Student athletes drive decrease in Fall-Spring retention numbers

After increasing retention rate numbers last year, Baldwin Wallace University’s retention numbers decreased between this past fall and spring semester.
Although the institution deals with multiple factors that create a challenge for retention, said Steve Stahl, BW provost, staff and faculty involved discovered a majority of students who don’t return are student athletes.
“Just over half of the students who left us are athletes,” he said. “The NCAA (National Collegiate Athletic Association) doesn’t define people as a student unless they are on the team roster after the second game has been played. So we had 34 athletes leave us; only 3 of them made it on the team roster.”
Athletes will remain to be an area of focus in regards to retaining efforts, Stahl said. From first to second semester, the institution’s overarching goal is to retain 95% of students, with the knowledge that some students are harder to retain than others. This year, however, the institution retained 91% from fall to spring, dropping from last years 93%.
Over the past five years, faculty and staff have completed a careful analysis of the attributes of students who stay and the students who leave. Although most of the students who leave are athletes, said Stahl, students of other demographics are leaving, too. In order to avoid students leaving, those involved work with students to create a success-driven environment, he said.
“Our goal has always been driven by the ethics,” said Stahl. “We need to work with [admitted students] to make sure they have every opportunity to succeed. [We] measure their success by retention. We have made significant progress with that, [but] we need to work on athletes who don’t make the team.”
In order to increase retention numbers and student population as a whole, Baldwin Wallace staff and faculty have looked into different options, said Trina Dobberstein, Vice President for Student Affairs at Baldwin Wallace University. BW is constantly looking into alternative ways to increase numbers.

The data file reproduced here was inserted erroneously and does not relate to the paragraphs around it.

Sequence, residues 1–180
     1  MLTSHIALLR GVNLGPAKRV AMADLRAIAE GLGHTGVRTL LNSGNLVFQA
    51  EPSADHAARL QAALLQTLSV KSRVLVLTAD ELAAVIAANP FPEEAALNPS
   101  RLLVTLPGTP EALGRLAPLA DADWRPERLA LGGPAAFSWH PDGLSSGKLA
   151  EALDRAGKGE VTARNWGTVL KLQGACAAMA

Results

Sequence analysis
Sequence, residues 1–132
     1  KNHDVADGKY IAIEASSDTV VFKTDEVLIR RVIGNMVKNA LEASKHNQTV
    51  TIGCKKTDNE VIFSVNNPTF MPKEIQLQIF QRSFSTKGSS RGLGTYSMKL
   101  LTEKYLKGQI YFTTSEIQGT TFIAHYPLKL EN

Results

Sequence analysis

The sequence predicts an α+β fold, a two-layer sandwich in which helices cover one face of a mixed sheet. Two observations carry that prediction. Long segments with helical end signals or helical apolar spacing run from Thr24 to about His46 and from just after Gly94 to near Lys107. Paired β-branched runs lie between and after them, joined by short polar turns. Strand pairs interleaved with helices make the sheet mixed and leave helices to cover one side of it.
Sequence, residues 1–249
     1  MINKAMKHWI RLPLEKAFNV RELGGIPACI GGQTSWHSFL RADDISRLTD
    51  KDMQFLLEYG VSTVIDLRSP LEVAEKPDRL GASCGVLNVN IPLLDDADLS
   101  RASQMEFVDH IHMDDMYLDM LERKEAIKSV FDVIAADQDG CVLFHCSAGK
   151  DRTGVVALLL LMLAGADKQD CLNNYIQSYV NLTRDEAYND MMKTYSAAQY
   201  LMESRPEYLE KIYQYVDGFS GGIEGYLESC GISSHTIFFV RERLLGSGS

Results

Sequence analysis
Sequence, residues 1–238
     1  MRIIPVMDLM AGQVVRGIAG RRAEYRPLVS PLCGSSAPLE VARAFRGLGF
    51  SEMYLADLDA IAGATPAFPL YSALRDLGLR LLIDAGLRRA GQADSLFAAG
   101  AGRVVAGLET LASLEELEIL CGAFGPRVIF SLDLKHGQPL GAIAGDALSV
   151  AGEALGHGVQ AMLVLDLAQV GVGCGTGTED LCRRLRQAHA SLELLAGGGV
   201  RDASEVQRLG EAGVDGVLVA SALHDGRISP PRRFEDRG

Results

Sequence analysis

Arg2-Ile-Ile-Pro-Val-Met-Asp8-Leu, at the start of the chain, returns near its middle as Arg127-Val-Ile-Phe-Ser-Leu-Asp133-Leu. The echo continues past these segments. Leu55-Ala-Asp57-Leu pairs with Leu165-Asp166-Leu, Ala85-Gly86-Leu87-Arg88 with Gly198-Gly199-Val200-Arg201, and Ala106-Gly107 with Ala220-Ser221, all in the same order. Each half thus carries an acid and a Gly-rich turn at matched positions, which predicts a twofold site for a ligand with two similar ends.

“A way we are hoping to fix that is an increase in our graduate program numbers,” she said. “[We] added engineering and are adding hospitality… but we continue to survey the landscape and figure out new areas to grow in.”
By utilizing the institution’s value proposition, BW is able to differentiate itself from other schools, she said. Along with adding more programs, BW is working to become more sophisticated in its recruiting efforts.
While retention numbers are not earth shattering, Dobberstein said she and her staff are trying to figure out how to make necessary adjustments. One way to do this is to look into ways to further engage students. One way the institution is looking to do this is by connecting students to professors earlier in their college careers, or starting a peer-mentor system.
“As an institution, it [is] also important for us to identify earlier where students go ‘off the rail’ so to say,” Dobberstein said. “We want students to realize how our university not only benefits them now, but in the future when they’re applying to graduate schools or looking for their first career.”
Although all of retention logistics are hard to fix, constant retention has always been a goal for BW, as for a majority of other institutions, she said. To Dobberstein, the difference, as far as percentages go, is how BW sets itself apart from its competitors.